Windows 'Black Screen of Death': Not So Widespread?
Just when you thought it was safe to click the Start button and get on with your life, a new Windows Boogie Man (sorry ladies -- Boogie Person) has emerged to haunt your PC dreams: "The Black Screen of Death."
Sounds very Pirates of the Caribbean, don't it?
This mysterious malady surfaced late last week when an obscure UK-based security company called PrevX brought it to everyone's attention. According to PrevX, the black screen could strike users of XP, NT, Vista, or Windows 7 who have just installed Microsoft's latest round of security updates -- which includes, well, just about everybody except those wacko Windows 98 holdouts (you know who you are). PrevX also posted a free "fix" to the problem, though they didn't guarantee it would actually work.
That's all it took to get bloggers running off to the races. Because, really, who can resist a headline with the words "Windows Black Screen of Death" in it? I certainly couldn't.
Now that the smoke is starting to clear, though, it seems the BLSOD may be less widespread, less black, and less deathy than first reported. (It is also not Microsoft's attempt to give equal opportunities to other error screen colors besides blue, no matter what you might have read.)
For one thing, Microsoft says that it isn't getting a whole lot of tech support calls about the BLSOD, nor can it reproduce one in its labs.
Microsoft sent its security goons team after PrevX, which began backpedaling faster than Lance Armstrong down the side of an active volcano. First, PrevX noted that the BLSOD is triggered "spasmodically" and not by those security patches, as it had originally implied. It then apologized (twice) to Microsoft, and claimed its original blog posts had been "taken out of context."
"Regrettably, it is clear that our original blog post has been taken out of context and may have caused an inconvenience for Microsoft. This was never our intention and we have already apologised to Microsoft. Microsoft is a valued partner and our fix was developed to ensure its customers were able to quickly resolve the Black Screen issue without having to reinstall Windows as some users indicated."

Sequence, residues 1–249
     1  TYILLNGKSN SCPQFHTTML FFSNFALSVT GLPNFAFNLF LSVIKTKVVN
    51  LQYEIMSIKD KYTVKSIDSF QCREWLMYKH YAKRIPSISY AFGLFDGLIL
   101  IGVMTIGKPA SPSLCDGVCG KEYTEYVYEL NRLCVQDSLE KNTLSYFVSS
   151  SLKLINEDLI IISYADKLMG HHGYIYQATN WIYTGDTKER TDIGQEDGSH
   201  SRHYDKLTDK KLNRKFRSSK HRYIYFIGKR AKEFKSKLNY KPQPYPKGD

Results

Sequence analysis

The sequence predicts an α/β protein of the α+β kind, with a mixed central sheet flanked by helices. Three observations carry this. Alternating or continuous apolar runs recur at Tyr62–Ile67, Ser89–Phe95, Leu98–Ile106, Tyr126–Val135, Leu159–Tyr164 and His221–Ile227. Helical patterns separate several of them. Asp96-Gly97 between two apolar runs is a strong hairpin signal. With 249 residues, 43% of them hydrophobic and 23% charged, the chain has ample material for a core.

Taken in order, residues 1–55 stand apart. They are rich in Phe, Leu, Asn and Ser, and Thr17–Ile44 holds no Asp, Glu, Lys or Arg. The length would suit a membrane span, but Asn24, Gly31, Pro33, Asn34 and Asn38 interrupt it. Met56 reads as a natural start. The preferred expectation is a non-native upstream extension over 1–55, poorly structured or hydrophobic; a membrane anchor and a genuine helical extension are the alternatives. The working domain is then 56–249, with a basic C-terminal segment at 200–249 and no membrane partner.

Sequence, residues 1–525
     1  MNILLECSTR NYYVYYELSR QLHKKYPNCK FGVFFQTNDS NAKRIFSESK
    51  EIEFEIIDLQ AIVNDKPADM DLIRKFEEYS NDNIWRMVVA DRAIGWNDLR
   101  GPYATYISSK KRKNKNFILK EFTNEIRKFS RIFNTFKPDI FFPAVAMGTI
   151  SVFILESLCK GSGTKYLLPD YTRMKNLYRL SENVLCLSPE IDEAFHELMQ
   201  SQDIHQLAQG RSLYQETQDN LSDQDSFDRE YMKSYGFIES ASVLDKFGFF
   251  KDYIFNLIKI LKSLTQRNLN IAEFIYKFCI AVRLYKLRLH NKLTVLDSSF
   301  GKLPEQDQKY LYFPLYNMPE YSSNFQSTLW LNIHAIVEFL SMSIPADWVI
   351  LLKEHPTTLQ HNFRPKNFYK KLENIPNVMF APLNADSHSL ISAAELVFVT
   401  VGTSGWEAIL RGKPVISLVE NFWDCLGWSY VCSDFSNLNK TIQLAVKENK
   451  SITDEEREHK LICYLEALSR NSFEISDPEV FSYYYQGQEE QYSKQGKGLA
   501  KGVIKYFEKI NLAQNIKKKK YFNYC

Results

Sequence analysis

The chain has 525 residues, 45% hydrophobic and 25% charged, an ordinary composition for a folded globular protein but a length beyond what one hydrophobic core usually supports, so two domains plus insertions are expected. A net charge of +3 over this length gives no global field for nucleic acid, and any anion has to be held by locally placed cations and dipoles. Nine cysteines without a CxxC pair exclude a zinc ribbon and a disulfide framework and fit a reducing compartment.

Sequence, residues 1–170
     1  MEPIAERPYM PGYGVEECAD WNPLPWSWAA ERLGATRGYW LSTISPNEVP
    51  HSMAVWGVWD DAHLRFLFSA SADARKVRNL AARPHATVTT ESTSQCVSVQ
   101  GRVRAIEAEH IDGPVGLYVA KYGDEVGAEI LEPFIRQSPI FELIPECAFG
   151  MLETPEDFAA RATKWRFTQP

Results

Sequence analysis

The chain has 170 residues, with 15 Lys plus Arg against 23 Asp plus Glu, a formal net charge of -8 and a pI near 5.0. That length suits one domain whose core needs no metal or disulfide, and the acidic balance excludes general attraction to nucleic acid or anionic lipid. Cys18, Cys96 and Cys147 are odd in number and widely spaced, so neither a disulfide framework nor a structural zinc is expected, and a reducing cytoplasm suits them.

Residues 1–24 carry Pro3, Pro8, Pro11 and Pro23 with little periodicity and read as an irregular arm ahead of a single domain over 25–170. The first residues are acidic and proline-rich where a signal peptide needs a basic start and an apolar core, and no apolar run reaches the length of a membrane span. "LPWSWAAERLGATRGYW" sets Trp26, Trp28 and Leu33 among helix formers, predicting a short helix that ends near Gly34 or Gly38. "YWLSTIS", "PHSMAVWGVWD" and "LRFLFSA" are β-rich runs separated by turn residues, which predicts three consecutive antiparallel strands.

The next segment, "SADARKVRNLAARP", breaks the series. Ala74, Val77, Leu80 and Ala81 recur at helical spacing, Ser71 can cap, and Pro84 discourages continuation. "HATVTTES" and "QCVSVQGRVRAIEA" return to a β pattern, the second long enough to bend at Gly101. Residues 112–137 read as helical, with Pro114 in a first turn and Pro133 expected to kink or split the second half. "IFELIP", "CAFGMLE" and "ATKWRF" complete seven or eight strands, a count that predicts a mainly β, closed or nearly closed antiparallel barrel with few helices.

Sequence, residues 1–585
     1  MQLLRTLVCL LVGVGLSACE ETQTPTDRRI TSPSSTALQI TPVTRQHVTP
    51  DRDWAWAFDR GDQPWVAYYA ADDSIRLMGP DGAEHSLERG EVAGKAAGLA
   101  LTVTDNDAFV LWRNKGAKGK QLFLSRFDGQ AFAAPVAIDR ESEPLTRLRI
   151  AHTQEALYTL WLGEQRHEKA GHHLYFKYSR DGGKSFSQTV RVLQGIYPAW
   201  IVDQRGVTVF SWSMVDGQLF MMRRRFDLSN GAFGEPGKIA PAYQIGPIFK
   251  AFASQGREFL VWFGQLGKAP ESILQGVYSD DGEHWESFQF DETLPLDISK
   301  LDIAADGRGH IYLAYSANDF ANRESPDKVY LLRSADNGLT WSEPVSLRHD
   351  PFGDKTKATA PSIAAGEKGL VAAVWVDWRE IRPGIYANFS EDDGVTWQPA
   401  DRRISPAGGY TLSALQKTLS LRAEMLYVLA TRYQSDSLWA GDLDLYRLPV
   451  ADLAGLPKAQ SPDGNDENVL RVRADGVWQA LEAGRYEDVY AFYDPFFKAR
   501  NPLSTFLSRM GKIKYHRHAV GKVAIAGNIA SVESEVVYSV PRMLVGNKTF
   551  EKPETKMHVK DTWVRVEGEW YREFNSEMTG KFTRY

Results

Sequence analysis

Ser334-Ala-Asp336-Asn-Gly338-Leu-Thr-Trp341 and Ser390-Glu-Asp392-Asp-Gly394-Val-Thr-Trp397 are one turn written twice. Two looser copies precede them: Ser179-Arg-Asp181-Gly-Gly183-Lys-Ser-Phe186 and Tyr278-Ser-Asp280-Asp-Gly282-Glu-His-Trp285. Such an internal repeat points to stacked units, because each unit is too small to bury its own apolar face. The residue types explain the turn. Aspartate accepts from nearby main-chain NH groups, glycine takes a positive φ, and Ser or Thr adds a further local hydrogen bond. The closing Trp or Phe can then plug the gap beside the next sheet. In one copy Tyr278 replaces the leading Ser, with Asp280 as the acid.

Is the BLSOD real? Apparently so. Has it affected millions of users? Apparently not. Is it Microsoft's fault? That's a little harder to determine. But notice how quickly everyone believed it was? That's what 25 years of incompetent coding will do for your reputation.
Still, I think expanding the range of color-coded error screens is an excellent idea. It could be like the Department of Homeland Security terror alert system -- meaningless yet also strangely soothing.
Naturally, I have a few suggestions:
The Red Screen of Danger: This indicates your system has been infected by a nasty bit of Russian malware, and he's invited all his mobster pals to the party. Please put your head between your knees and kiss your data good-bye, comrade.
The Gray Screen of Indecision: For those moments of indecision brought on by Vista's annoying User Account Controls. Do you really want to Allow that program to do what you just told it to do? Are you really really sure you want to Continue? The GSOI grays out your screen until you're at peace with your decision.
The Green Screen of Cash: This money-colored screen would pop up and render your system inoperable until you fork over more simoleons to update your software subscriptions. I can see Symantec and McAfee jumping all over this one. In fact, I'm surprised they haven't done it already.
The Yellow Screen of Fear: This could indicate an urgent e-mail from the big boss, a sudden all-hands meeting appearing in your Outlook calendar -- anything that makes you want to turn off your PC and hide under the desk.
The Brown Screen of ______: You don't want to know.
And that's just the beginning. I envision an entire spectrum of error messages -- a rainbow coalition of craptitude on your computer. Thank you, Microsoft, for making this possible.